Interim director and financial officer Mike Pride was named director of the Clermont County Department of Jobs and Family Services Wednesday, March 17.
Pride is dedicated to the difficult task of meeting an increasing need for his department’s services while state and federal funding continues to decline.
“We have more people coming in our doors now than we have ever before,” Pride said. “Right now I’m trying to streamline our procedures to handle the work load.”
"We have tried not to fill retired or resigned positions," Pride said as he himself will maintain his fiscal officer position in addition to serving as director. "We've moved people around without staff reductions, but we're still down 27 positions over the last two years."
While making staff reductions and cutting operational expenses, Pride said demand for services have skyrocketed.
"When the economy is in decline our budget gets cut but our business goes up," Pride said.
The number of county residents receiving cash assistance through the Ohio Works First program jumped 78 percent during an 11 month period from December 2008 to November 2009. At the same time, Children's Protection Services saw a 26 percent increase in child abuse and neglect investigations. Residents needing food assistance was up 27 percent. The Workforce One program, which retrains workers for new employment, helped a record number of county workers last year and was the only program that did not see operational funding cuts.
Pride credited DJFS's ability to maintain service levels while increasing employee work loads to his hard working employees and to the interdepartmental teamwork found among several county agencies.
"For the past several years we've worked very hard with the juvenile court, the board of mental health, the board of developmental disabilities, and the families and children first council to decide how to provide the best possible service for the children of the county," Pride said. "It's a fantastic team effort we've got going and it's really a Clermont County phenomenon."
According to Clermont County Administrator Dave Spinney, the selection panel "undertook an extensive search...and interviewed a number of good candidates." In the end, they found Pride to be the best person for the job.
"Often commissioners must choose between someone with human services experience and someone with good managerial and people skills. Mike is the whole package," said Ohio Job and Family Services Directors' Association Executive Director Joel Potts, in a recommendation letter to the BCC.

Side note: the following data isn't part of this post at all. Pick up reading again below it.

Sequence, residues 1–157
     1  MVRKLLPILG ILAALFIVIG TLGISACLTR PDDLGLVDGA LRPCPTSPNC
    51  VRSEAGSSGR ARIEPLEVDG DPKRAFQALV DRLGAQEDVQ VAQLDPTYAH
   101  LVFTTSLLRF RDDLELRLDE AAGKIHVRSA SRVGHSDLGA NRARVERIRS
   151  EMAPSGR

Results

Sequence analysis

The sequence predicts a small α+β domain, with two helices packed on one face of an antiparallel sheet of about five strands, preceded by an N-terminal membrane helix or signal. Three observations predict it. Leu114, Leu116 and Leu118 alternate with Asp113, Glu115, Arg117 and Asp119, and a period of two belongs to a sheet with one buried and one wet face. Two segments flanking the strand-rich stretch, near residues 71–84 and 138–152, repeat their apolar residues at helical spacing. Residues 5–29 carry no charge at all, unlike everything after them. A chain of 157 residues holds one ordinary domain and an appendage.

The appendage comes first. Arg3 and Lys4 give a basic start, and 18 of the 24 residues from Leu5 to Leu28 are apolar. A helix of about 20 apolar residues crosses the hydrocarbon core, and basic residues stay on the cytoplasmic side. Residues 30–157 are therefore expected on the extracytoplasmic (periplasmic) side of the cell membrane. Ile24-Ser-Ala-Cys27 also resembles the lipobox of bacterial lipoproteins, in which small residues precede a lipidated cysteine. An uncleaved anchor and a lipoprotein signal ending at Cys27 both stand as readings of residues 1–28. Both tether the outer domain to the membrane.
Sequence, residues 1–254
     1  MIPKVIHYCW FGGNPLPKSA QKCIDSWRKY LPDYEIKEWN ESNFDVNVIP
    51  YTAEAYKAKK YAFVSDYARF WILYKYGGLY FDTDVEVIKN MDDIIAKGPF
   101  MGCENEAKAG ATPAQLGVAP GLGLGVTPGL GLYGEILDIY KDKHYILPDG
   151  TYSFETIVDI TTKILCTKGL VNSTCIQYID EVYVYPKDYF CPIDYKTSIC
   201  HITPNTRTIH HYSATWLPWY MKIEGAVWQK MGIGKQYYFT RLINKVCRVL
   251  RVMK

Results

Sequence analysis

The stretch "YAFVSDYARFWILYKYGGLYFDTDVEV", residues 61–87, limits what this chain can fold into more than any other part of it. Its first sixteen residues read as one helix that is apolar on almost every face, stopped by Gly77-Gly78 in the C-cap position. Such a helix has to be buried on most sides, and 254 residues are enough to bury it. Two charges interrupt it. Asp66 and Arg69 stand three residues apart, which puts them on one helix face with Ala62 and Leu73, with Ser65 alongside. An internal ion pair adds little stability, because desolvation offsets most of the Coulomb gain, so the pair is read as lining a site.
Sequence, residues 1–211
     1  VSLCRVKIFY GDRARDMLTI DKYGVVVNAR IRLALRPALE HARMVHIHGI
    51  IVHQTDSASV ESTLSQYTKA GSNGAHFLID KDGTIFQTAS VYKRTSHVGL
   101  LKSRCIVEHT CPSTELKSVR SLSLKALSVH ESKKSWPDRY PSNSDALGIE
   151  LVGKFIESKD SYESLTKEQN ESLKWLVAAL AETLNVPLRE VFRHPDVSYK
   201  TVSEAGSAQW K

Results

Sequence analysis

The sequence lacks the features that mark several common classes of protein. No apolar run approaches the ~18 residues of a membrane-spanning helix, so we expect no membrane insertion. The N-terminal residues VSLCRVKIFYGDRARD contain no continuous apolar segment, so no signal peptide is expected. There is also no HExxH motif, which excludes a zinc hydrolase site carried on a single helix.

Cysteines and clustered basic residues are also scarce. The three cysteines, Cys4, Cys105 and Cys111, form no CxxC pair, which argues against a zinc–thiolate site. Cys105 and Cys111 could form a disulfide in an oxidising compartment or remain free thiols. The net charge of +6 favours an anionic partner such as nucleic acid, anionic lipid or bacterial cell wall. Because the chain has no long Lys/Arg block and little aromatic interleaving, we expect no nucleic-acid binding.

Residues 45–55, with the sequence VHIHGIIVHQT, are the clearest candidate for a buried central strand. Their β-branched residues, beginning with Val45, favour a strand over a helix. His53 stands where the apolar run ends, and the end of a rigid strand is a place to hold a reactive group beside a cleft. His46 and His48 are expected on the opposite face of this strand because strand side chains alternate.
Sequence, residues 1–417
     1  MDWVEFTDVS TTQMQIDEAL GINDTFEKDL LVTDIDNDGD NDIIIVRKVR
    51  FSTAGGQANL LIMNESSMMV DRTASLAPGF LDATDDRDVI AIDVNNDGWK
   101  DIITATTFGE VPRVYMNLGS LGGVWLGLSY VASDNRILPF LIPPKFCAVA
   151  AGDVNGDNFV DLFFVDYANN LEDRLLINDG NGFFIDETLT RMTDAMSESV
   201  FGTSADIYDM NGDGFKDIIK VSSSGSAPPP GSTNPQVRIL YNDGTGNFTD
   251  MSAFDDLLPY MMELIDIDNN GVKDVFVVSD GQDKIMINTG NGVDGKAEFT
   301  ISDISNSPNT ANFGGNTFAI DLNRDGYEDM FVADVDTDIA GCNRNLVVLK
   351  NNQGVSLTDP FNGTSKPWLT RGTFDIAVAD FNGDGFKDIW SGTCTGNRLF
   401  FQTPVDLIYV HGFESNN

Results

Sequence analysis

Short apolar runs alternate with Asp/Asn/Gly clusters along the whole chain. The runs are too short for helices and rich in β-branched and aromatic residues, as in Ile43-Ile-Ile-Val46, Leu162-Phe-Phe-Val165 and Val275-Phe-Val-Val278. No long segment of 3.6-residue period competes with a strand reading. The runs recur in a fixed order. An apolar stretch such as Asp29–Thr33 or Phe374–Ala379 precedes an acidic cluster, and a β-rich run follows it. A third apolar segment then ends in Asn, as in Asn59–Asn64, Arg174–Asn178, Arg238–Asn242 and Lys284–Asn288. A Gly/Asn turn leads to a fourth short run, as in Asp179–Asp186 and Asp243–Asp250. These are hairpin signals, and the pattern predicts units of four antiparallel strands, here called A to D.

Aside from his managerial and people skills, Pride has extensive knowledge of the DJFS funding process. Before joining the Clermont County DJFS for the first time in 1988, he served in the Auditor of the State's office where he reviewed the finances of JFS departments throughout the state.
In order to manage the Clermont County department's $40 million annual budget, Pride must monitor 47 different funding sources, each with their own strings attached.
"He is truly an expert in financial models that are used to obtain services. Given the difficult economic times we are in, a DJFS director must have the ability to deliver services and the expertise to ensure they are properly funded," said Clermont Commissioner Scott Croswell.
Pride said he is already making steps to live within his means. He said his employees have volunteered to take furlough days this year in order to avoid staff reductions. He is speaking with many of his employees to develop plans for streamlining processes.
"I'm in contact with other directors across the state so we can compare methods and try to solicit the best practices possible," Pride said.
Two budget reducing steps he is trying to avoid are reducing non-mandated services and staff reductions.
"Clermont County provides very high quality services compared to other counties," Pride said. "With my experience I'm trying to help Clermont County through a very tough economic time with the least amount of pain possible. It is going to be a very challenging thing."
Pride said he wants to ensure that his employees have the tools they need to be successful, and for many case workers that includes a vehicle. He said the department has not purchased a vehicle in three years and he will need to do so soon.
"I need to see about upgrading the fleet," Pride said. "It's about the safety of not only our workers, but the children they transport."
Pride is concerned about the funding issues he faces, but remains optimistic.
"I have a wonderful staff," Pride said. "In these hard times we have the best team package, but it's money that drives the train."